Lewis Hamilton officially given knighthood in year-end honors from Queen Elizabeth II

Seven-time Formula One champion Lewis Hamilton officially became a “Sir” on Wednesday after Queen Elizabeth II knighted him. The honor was bestowed upon him as part of the New Year’s honors list.

This year, Hamilton won his seventh F1 driver’s championship title, equaling the great Michael Schumacher’s record.

Off the track, the 35-year-old became a powerful voice on the issue of racism and was one of British sport’s leading voices supporting the Black Lives Matter movement.

Hamilton received his knighthood alongside British performers, politicians, public servants and the unsung heroes who helped to combat the spread of coronavirus, treat it in patients around the country and limit its impact. The 35-year-old driver tied Michael Schumacher’s record for most F1 titles last month with his seventh.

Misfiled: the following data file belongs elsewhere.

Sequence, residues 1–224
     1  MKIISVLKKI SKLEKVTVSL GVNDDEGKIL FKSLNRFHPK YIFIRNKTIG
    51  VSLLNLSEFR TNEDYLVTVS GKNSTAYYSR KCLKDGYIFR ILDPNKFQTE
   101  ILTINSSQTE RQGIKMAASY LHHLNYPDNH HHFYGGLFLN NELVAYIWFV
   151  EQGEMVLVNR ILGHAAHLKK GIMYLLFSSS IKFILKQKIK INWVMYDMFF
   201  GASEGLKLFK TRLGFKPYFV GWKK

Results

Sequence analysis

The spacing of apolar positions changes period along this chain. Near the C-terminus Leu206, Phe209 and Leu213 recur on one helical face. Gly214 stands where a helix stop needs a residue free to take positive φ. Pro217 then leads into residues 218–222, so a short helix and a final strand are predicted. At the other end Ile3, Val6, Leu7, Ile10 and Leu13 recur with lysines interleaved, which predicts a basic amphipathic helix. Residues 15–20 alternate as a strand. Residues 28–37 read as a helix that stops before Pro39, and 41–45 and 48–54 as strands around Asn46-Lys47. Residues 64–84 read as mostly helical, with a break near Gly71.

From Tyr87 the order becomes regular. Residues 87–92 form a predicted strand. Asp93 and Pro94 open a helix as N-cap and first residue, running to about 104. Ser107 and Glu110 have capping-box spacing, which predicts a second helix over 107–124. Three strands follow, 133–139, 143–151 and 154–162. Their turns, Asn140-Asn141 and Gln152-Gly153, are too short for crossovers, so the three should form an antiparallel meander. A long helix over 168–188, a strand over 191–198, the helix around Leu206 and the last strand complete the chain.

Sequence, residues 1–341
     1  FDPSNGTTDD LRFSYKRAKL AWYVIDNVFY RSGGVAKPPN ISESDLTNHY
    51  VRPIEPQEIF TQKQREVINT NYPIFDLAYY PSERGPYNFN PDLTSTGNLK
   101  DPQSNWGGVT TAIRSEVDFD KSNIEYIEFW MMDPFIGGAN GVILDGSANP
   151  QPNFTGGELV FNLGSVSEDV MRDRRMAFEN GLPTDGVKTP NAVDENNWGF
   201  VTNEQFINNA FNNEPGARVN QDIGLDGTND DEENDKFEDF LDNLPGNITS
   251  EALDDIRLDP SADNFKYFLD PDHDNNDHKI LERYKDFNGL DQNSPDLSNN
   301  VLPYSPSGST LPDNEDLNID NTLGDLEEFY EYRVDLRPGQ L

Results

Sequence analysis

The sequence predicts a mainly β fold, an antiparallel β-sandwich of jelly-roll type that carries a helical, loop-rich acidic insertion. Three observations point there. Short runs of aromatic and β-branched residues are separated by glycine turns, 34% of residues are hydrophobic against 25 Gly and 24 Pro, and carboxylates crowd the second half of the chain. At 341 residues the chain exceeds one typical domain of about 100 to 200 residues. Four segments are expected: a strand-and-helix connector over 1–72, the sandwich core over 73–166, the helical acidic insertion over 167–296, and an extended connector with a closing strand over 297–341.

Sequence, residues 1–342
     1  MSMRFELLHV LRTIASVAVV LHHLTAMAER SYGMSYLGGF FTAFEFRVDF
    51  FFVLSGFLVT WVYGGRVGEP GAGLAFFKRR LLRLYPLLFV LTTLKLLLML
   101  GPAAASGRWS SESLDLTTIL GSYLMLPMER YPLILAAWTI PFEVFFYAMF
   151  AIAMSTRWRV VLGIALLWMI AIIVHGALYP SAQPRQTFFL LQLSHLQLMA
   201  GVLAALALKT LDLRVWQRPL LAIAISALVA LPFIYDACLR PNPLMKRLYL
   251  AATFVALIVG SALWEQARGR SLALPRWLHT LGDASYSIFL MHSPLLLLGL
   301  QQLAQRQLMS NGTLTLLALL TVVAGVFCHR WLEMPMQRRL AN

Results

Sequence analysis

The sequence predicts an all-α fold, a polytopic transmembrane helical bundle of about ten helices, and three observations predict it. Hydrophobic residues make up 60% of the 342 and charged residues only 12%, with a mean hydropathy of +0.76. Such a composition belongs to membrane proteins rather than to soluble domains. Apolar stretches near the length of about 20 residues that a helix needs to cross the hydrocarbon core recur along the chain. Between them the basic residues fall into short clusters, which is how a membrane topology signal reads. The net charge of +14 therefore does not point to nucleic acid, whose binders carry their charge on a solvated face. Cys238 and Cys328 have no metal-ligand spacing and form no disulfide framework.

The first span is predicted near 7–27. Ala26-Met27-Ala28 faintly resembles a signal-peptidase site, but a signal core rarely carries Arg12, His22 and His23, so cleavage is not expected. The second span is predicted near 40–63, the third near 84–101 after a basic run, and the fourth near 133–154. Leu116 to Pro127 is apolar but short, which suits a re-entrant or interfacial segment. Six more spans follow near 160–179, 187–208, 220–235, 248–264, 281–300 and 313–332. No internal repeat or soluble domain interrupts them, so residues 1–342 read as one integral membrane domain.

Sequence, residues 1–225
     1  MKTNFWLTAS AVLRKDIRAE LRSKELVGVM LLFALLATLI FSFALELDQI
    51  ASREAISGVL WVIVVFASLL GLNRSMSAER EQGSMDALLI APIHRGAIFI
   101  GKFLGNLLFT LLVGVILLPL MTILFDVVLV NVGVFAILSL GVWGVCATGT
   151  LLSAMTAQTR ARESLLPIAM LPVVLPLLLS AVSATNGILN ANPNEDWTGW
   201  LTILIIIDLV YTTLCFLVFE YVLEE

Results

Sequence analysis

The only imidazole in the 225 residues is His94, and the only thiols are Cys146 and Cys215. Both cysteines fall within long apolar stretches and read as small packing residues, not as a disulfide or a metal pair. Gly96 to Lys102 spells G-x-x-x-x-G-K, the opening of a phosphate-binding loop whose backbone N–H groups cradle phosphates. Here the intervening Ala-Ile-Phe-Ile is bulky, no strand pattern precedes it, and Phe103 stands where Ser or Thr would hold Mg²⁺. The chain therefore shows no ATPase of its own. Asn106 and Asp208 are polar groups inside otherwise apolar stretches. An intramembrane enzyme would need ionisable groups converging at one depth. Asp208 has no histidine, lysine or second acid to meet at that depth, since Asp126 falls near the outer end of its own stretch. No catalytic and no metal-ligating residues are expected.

It is believed that were it not for his tax issues, he would have received his knighthood even sooner. In 2017, news broke that he avoided paying over $4 million in taxes on a private jet that was registered to tax haven the Isle of Man. He also lives in the low-tax country of Monaco, thus putting him on the “overseas” section of the honors list. Motorsport U.K. Chairman David Richards has publicly defended the driver’s issues, saying they were “totally misunderstood” as he was one of the 5,000 highest taxpayers in the United Kingdom.

As the sport’s first and only Black world champion in its 70-year history, Hamilton has helped campaign for diversity and spoken out against racial injustice.

Earlier this year, he said he was “completely overcome with rage” at the sight of George Floyd’s death in Minneapolis on May 25 and called out the rest of the F1 grid, and the sport itself, for remaining silent.